Archaeologists, led by Sara Juengst of the University of North Carolina, were baffled to find two infants buried in a grave 2,100 years ago in Ecuador wearing the skulls of other dead children as helmets.
The team recently published their findings in the Journal of Antiquity outlining the finding. This is the only known case of children being buried in such a way and scientists have no idea how any of the children died.
The team believes the heads of the dead children were probably placed over the top of the living children while the skulls still had flesh on them. There was also a bone wedged between the skull and the head of the living child in one case.
There is evidence that there was a major volcanic eruption in the area around that time and the burials were all covered in ash. The childrens’ bones showed signs of malnutrition.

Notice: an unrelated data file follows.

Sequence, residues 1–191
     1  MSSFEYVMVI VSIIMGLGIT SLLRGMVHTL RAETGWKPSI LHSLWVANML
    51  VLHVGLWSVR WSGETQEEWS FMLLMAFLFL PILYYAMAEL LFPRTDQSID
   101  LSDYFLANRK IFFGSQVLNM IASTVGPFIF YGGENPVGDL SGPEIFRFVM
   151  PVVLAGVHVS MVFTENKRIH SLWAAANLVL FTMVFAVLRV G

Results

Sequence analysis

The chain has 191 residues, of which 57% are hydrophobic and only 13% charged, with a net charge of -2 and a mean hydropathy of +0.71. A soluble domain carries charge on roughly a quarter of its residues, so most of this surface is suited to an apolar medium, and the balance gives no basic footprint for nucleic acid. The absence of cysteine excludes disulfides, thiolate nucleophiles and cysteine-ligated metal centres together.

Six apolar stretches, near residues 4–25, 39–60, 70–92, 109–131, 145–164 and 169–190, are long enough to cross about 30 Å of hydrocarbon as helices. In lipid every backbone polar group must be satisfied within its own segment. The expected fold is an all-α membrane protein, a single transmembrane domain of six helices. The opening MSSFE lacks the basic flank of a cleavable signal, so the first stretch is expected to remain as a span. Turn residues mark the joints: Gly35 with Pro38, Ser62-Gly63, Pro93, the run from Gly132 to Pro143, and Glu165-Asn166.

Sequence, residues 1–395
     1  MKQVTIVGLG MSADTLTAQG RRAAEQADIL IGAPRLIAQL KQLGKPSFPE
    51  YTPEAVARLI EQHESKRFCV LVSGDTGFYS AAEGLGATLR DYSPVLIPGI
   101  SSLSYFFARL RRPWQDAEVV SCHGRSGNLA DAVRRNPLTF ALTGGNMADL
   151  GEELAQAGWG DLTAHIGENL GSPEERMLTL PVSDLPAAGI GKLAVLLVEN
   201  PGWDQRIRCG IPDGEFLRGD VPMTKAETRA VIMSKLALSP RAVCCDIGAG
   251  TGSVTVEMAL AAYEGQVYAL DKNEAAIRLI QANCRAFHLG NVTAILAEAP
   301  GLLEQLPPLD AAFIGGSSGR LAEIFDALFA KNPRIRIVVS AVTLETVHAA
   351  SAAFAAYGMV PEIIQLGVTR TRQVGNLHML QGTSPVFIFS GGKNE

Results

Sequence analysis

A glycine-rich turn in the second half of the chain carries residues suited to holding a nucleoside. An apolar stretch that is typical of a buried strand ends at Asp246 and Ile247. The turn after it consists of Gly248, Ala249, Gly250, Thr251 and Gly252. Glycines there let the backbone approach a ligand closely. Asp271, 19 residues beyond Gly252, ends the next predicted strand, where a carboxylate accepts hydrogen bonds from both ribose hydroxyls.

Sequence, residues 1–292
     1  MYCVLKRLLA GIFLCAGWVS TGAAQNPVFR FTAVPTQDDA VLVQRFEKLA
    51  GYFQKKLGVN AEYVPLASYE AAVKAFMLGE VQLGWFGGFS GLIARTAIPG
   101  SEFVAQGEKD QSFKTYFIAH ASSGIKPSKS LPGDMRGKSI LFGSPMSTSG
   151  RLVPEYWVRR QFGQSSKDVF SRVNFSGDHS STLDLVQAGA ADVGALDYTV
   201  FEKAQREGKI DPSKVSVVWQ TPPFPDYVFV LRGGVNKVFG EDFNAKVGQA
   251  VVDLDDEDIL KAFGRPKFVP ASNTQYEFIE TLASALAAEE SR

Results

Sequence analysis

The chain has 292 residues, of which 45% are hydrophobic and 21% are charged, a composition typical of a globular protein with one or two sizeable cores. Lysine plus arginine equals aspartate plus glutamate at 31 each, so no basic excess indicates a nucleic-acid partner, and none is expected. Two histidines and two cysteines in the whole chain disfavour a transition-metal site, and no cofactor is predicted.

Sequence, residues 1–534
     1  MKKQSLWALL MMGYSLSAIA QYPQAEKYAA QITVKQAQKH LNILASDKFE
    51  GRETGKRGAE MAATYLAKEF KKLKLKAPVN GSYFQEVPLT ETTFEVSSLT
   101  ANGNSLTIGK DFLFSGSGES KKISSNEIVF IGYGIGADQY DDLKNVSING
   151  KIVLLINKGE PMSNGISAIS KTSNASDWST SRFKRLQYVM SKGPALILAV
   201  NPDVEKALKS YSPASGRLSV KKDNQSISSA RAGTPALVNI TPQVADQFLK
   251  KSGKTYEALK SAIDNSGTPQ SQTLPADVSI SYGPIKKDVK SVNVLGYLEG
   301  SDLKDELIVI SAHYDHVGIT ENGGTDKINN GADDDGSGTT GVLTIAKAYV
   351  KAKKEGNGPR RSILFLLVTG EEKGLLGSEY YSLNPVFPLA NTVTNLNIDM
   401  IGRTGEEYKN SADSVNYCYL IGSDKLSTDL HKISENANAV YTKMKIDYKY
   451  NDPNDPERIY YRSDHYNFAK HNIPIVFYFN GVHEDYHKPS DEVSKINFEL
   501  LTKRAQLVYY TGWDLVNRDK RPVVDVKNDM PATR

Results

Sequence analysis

South America is also home of early cultures which deformed the skulls of infants to shape them into certain patterns.
The Paracas culture of neighboring Peru deformed skulls as early as 800 BC. It is not known why they were so interested in deforming skulls but the practice has also been found in ancient Asia and was even described by Greek historians of peoples in other areas. These are also the skulls that are famous for resembling the heads of aliens.